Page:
15. All of you should watch the TED video posted earlier by futhamucka, and you'll see that the scientists want proof of the theories just as much as skeptics do.
     
  16. Well, if you consider the fact that string theory talks about the relationship between the universe as we know it and the frequency of their vibrations then right there and then you have a relatively simple solution so maybe everyone is right :) I think the intriguing aspect is the number of dimensions required to make the math work. I'd also like to point out 'Dark Matter'. DM is impossible as of yet to detect but we 'know' it's there due to the gravitational influences it causes. Does that previous sentence hint that there is the possibility that we can mathematically prove something yet be unable to physically detect it? In respect to quantum mechanics being faulty, perhaps you were thinking of this: Uncertainty principle - Wikipedia, the free encyclopedia. As far as I know, and I admit I am not a physicist, quantum mechanics is a required path for us to take in order to understand our universe. How else can we determine and calculate the beginnings of the universe without a clear understanding of the very small? I think you will find a lot of other physicists will take this view to, part of the Hadron Collider's job is to detect and examine particle collisions at near speed of light (ie: a LOT of energy). Lots more info here: Large Hadron Collider - Wikipedia, the free encyclopedia and a great read if you're in the right mood :)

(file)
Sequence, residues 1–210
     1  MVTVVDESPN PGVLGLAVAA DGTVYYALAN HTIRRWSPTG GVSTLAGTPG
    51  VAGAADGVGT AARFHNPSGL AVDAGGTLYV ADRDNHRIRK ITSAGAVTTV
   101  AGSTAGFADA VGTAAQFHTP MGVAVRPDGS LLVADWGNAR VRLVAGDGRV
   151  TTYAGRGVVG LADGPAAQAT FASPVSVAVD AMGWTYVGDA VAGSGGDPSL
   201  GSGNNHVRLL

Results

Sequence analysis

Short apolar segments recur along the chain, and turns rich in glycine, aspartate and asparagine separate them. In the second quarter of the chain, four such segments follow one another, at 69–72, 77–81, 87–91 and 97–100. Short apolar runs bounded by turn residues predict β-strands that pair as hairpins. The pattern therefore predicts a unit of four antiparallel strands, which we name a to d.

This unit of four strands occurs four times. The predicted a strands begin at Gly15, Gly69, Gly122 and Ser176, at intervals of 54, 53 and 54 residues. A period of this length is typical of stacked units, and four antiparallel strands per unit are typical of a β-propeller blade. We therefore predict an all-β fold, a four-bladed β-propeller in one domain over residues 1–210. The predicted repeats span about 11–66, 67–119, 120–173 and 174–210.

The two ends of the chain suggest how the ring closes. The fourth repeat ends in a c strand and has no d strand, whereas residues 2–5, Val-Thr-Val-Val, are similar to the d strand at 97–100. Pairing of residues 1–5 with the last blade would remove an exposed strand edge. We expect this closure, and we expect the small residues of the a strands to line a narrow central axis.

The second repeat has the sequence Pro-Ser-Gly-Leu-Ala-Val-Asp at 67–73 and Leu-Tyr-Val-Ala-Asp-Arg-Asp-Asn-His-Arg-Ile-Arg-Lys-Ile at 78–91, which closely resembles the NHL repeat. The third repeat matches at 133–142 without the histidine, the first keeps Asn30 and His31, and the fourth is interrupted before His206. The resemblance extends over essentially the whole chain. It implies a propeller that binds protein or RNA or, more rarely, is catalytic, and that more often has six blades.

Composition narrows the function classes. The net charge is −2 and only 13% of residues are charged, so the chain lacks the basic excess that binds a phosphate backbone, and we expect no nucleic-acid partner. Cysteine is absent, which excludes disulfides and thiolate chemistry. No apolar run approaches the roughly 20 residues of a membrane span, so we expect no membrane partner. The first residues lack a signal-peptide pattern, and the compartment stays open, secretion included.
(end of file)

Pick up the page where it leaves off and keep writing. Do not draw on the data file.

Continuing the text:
17. #18 ibjamming, Sep 20, 2009
    Last edited by a moderator: Sep 20, 2009
    This theoretical science...is NO different than religion. Religion has "God" who does everything. Science has "Theory" requiring "fudging" which does everything.

    There may well BE a "God" who created us and our universe. But that begs the question...who created "God" then? If you can have one "all mighty creator", why not two? Or three? The belief that "God" just appeared out of nothing with all the power and knowledge to create everything we know...is to put it mildly...a little insane.
    If anything..."God"...is the laws of physics. The happenstance that allowed our universe to created life that could question it's own existence.

    Our science is trying to figure things out...and that's commendable. I just don't think they realize how SMALL and how BIG the universe really is. I think that the really small and really big affect us but we'll never be able to "see" them. That's why the theories all have holes in them where a really small or big "thing" is what's doing it.